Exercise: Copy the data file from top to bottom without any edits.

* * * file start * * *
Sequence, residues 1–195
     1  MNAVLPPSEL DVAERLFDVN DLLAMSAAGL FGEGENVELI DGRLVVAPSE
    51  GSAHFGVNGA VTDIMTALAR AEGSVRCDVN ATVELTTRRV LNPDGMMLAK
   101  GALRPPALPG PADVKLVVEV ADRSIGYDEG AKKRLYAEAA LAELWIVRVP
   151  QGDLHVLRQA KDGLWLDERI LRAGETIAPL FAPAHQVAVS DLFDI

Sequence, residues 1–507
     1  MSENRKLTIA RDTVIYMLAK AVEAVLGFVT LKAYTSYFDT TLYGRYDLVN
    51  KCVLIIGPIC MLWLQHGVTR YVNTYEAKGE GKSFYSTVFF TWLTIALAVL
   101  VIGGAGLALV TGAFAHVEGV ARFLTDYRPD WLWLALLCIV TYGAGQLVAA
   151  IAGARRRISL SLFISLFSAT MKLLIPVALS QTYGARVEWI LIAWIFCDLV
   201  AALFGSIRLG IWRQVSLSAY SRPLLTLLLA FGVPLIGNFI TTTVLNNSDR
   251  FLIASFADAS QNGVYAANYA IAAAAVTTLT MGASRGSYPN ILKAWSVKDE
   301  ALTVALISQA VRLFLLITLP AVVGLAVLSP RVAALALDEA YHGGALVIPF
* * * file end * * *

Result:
Sequence, residues 1–195
     1  MNAVLPPSEL DVAERLFDVN DLLAMSAAGL FGEGENVELI DGRLVVAPSE
    51  GSAHFGVNGA VTDIMTALAR AEGSVRCDVN ATVELTTRRV LNPDGMMLAK
   101  GALRPPALPG PADVKLVVEV ADRSIGYDEG AKKRLYAEAA LAELWIVRVP
   151  QGDLHVLRQA KDGLWLDERI LRAGETIAPL FAPAHQVAVS DLFDI

Sequence, residues 1–507
     1  MSENRKLTIA RDTVIYMLAK AVEAVLGFVT LKAYTSYFDT TLYGRYDLVN
    51  KCVLIIGPIC MLWLQHGVTR YVNTYEAKGE GKSFYSTVFF TWLTIALAVL
   101  VIGGAGLALV TGAFAHVEGV ARFLTDYRPD WLWLALLCIV TYGAGQLVAA
   151  IAGARRRISL SLFISLFSAT MKLLIPVALS QTYGARVEWI LIAWIFCDLV
   201  AALFGSIRLG IWRQVSLSAY SRPLLTLLLA FGVPLIGNFI TTTVLNNSDR
   251  FLIASFADAS QNGVYAANYA IAAAAVTTLT MGASRGSYPN ILKAWSVKDE
   301  ALTVALISQA VRLFLLITLP AVVGLAVLSP RVAALALDEA YHGGALVIPF